It’s Christmas morning. And since I woke up early (at noon), I have my girlfriend Laura’s ancestral home in Washington, DC all to myself. She and her parents, Alec and Jean, are all fast asleep, surely dreaming of high gravity beers and cute sweaters – and whatever else Santa might have brought for them!

Now, as I write this blog, I survey the load of presents on the floor in the living room. Quite a spread for four people. We’ve either been very nice, or exceptionally naughty this past year.

Two eves ago, on Christmas Eve Eve, I had a nightmare. I’ve had very few nightmares (that have awoken me in the night for me to remember them) so the occurrence was notable. In the dream, I was at my father’s house when I heard a rapid series of gunshots from the neighbor’s house. I ran to a window, where I saw a hand holding a gun shooting out of the neighbor house. When the hand retracted, I dashed to the upstairs level to get a better look, and through a higher window that faced said neighbor house, I happened to see a young woman duct taped to a chair in one of their upstairs rooms.

Well, by now I had deduced something was amiss. So I called the police as my family and I transferred ourselves to safety – which was a glass-walled store across the street. I have dream-trouble dialing the number (“Does anyone know the number for the Police that’s not 911?” “Why would you call that?” “Good point!” So I dial 611. Oops! Darn it. Try again. 411. Damn these infernal touch screen cell phones! Etc.)

Eventually I get the right number and explain the situation to the authorities. They ask if I think they should put the Air Force on standby. I thought they should. While this is going on, my mother arrives to have words with my brother Luke. Over my phone conversation, I overhear the story that our neighbors (the gun-toting, hostage-taking ones) apparently stole something from our house long ago. My brother Luke, as it turns out, had only very recently avenged our family honor by stealing something of theirs in return. My mother was furious, which was justifiable under the circumstances.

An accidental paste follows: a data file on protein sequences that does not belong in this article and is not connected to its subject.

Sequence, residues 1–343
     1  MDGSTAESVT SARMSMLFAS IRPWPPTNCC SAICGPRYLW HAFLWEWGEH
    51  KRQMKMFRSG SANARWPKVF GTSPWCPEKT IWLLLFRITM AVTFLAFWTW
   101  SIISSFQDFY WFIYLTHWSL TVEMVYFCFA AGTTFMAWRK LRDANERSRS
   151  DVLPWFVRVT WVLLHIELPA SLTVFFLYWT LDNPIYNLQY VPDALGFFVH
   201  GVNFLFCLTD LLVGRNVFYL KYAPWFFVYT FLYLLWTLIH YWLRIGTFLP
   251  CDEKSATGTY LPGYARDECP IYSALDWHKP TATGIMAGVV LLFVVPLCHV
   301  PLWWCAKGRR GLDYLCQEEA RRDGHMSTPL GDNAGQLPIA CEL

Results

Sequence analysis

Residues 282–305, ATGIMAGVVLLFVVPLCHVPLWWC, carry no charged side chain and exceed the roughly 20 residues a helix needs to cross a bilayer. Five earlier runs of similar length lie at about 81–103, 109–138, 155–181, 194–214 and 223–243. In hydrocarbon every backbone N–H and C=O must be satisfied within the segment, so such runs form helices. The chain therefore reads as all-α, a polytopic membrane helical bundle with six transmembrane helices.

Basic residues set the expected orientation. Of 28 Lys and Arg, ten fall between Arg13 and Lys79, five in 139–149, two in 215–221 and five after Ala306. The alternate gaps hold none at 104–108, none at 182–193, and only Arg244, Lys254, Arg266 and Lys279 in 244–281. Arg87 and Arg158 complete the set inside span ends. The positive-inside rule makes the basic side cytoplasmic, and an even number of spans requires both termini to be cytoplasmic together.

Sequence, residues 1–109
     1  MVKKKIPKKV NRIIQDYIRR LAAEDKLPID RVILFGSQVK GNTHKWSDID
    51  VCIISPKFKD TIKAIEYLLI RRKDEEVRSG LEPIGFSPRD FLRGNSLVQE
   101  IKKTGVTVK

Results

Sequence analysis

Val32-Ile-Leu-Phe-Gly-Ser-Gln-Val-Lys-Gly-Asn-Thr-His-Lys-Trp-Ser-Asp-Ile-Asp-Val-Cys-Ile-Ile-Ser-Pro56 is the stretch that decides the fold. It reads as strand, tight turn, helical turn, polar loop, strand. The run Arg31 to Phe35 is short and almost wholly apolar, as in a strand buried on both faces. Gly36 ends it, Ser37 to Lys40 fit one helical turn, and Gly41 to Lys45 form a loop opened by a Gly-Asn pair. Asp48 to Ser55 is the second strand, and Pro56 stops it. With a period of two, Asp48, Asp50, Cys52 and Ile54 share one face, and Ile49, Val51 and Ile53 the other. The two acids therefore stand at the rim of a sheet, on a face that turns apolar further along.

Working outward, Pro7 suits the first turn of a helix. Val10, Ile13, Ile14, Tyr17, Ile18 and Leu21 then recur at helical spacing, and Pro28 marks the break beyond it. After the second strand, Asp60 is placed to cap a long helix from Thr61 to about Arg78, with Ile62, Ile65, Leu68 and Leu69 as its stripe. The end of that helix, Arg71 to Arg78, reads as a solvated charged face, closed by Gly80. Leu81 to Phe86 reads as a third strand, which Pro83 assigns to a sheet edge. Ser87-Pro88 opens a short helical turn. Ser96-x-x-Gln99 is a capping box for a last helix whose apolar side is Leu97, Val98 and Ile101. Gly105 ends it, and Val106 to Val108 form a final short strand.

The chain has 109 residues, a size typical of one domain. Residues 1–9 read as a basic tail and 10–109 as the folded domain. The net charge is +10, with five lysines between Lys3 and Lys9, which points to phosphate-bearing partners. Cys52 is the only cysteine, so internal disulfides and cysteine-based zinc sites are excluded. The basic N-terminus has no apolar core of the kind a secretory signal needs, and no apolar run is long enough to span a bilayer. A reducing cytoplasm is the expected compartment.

After my phone call I search our safe house for possible hiding spaces and then return to the windowed street-level where everyone else has collected. We’re waiting for the authorities to arrive, and one medic is amongst us. I suppose she was waiting for the blood to be spilt.

We’re interrupted by the intrusion of a great big man wielding a gun. He’s come from across the street to inquire after a young man he’s aware has stolen something from him. He finds Luke immediately. As I gripped a nearby stool and judged the effectiveness of throwing it at the gunman, I took note that his pistol is .22 caliber – an almost laughably small bore for a menacing gunman. If Luke is shot, I thought, he might have a good chance at surviving it.

Also, I know that Luke is black belt martial artist. If I could hurl a chair at the gunman and distract him only for a moment, it might likely be all Luke would need to incapacitate him.

But then Luke was shot. The gunman said a few words over him before shooting him again, then turned to leave. I relaxed my hand on the stool. If I engaged him now, he’d surely kill me. He’s probably too big for me to wrestle the gun away. If we let him leave, then our medic – who I’ve now noticed has vanished – might still be able to save him.

Once the gunman was gone, I scoured the safe house for the medic. Luke was still living, but he might not have long. The tension was so nerve-racking that it woke me up at this point.

I’m safe. Perfectly safe – on the floor of Laura’s bedroom, where her family has constructed me a really comfortable bed out of a mound of blankets. On previous visits I stayed in the guest room, but Alec and Jean often play host to homeless cats as they await adoption into kitty foster homes, and during this particular visit my old room is inhabited by two enormous felines – Tiger and Bo. But I am greatly relieved that no one was shot. It was all a dream.

I wake up Laura and make her say nice things to me before returning to sleep.